Mr. Forester is an associate in Davis Polk's Corporate Department, practicing in the Intellectual Property and Technology Transactions Group. He advises clients on intellectual property and technology issues arising from corporate and commercial transactions, such as mergers and acquisitions, data or intellectual property licensing, development and commercialization arrangements, joint ventures and collaborations, financings, restructurings and capital market offerings. [Full Bio]

Davis Polk attorneys authored a chapter on U.S. Cybersecurity Laws for the GDR Insight Handbook 2020.  The chapter, which can be read here, was written by Avi Gesser, Matthew J. Bacal, Daniel F. Forester, Matthew A. Kelly, Clara Y. Kim, and Gianna C. Walton, and was published by
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Davis Polk partner Pritesh Shah and associate Daniel Forester are among the authors of a new Practice Note for Thomson Reuters’ Practical Law discussing blockchain technology and recent trends in data privacy law and the tensions between them.  The article explains blockchain technology’s characteristics and describes issues and potential strategies
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Over the last few years, the creation of new cybersecurity regulations has been robust, but actual enforcement has been tepid. This is understandable in any new regulatory regime, especially one where the standards are vague, the conduct is evolving, and therefore, there is considerable uncertainty on the part of the
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One way for companies to decrease their cybersecurity risks, as well as their risks from new privacy regulations, is through data minimization—significantly reducing the amount of their data.  By deleting old data and collecting less new data, companies will have less sensitive information to protect and process in accordance with
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A recent bill to amend California’s landmark data privacy law seeks to expand potential liability for violations—bringing little comfort to those already concerned about the risks and challenges associated with achieving compliance in advance of the law’s upcoming effective date.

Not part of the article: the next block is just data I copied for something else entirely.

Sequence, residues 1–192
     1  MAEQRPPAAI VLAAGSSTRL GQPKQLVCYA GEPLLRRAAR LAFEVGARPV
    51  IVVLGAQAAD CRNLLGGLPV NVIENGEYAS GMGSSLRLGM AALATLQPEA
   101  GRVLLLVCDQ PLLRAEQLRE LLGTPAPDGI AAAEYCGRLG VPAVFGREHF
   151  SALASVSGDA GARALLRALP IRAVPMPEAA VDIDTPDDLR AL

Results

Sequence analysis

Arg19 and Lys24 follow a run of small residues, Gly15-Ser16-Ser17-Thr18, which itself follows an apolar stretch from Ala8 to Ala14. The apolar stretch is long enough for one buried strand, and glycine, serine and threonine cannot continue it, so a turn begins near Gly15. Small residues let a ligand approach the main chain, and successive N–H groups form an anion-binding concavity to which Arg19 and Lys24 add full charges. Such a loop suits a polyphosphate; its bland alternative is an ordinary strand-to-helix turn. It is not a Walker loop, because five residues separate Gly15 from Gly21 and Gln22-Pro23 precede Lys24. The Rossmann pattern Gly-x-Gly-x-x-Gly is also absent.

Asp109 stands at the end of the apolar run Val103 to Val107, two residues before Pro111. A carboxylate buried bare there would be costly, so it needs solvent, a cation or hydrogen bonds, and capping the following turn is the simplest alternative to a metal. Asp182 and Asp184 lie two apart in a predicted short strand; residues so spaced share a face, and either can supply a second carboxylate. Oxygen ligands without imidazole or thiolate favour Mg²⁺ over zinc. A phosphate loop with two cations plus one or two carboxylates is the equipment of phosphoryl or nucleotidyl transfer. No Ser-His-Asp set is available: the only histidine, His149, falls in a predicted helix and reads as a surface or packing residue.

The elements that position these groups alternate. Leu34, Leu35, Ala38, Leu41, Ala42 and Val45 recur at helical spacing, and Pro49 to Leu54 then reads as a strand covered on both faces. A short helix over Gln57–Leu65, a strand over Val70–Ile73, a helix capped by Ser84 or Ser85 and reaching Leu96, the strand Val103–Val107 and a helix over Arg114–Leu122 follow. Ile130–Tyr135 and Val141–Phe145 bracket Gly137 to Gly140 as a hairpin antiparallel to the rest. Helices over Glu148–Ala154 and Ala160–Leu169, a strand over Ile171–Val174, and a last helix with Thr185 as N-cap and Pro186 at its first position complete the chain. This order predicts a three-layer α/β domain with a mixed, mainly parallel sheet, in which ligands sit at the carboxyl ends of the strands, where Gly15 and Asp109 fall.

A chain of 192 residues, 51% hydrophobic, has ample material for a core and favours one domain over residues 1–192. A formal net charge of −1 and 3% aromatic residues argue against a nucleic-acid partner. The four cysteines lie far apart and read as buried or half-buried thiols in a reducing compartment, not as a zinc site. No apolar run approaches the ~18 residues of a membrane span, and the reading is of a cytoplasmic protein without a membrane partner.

The proposal—Senate Bill 561, introduced on February 25, 2019, by
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2018 was another busy year for lawyers in the privacy/cybersecurity world – GDPR, CCPA, Marriott, New York Department of Financial Service’s cybersecurity rule deadlines, increased SEC enforcement, more data breach lawsuits, more companies doing table top exercises and risk assessments, etc. But 2019 is looking to be even busier. Below
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Momentum is building for federal data privacy legislation, in large part due to the passage of the California Consumer Privacy Act (CCPA) (which goes into effect in 2020) and other states enacting or considering their own consumer privacy laws.  These developments have businesses concerned that they will face a patchwork
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In Part 1 of this blog post, we discussed some key contractual provisions that lawyers should consider when entering into agreements with cloud service providers (“CSPs”).  In this Part 2, we discuss some additional contractual considerations to keep in mind, as well as some post-contract practices to consider in order
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There are many good reasons why companies are increasingly migrating parts of the information technology to cloud service providers (“CSPs”), including lower overhead costs, greater data accessibility and mobility, and more efficient disaster-recovery response.  For cybersecurity, cloud solutions offer companies many benefits, such as full-time data security monitoring and data
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On April 30, 2018, BLU Products, Inc. (“BLU”) reached a settlement with the Federal Trade Commission (“FTC”) over allegations that BLU allowed ADUPS Technology Co. LTD (“ADUPS”) to collect detailed personal information about BLU’s consumers without their knowledge or consent, despite BLU’s assurances that
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